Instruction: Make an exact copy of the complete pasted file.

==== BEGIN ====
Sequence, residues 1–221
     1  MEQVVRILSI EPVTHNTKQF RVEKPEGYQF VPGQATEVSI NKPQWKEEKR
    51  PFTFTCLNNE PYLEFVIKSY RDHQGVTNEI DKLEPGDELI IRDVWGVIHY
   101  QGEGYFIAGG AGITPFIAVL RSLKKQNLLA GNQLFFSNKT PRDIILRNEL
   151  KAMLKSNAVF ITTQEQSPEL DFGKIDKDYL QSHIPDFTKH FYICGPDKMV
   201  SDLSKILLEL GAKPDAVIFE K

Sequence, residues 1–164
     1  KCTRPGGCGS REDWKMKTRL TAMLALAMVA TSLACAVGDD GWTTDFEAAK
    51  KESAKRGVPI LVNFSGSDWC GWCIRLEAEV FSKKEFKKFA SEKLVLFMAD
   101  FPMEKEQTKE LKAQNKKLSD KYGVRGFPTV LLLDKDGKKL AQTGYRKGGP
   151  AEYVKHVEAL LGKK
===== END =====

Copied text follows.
Sequence, residues 1–221
     1  MEQVVRILSI EPVTHNTKQF RVEKPEGYQF VPGQATEVSI NKPQWKEEKR
    51  PFTFTCLNNE PYLEFVIKSY RDHQGVTNEI DKLEPGDELI IRDVWGVIHY
   101  QGEGYFIAGG AGITPFIAVL RSLKKQNLLA GNQLFFSNKT PRDIILRNEL
   151  KAMLKSNAVF ITTQEQSPEL DFGKIDKDYL QSHIPDFTKH FYICGPDKMV
   201  SDLSKILLEL GAKPDAVIFE K

Sequence, residues 1–164
     1  KCTRPGGCGS REDWKMKTRL TAMLALAMVA TSLACAVGDD GWTTDFEAAK
    51  KESAKRGVPI LVNFSGSDWC GWCIRLEAEV FSKKEFKKFA SEKLVLFMAD
   101  FPMEKEQTKE LKAQNKKLSD KYGVRGFPTV LLLDKDGKKL AQTGYRKGGP
   151  AEYVKHVEAL LGKK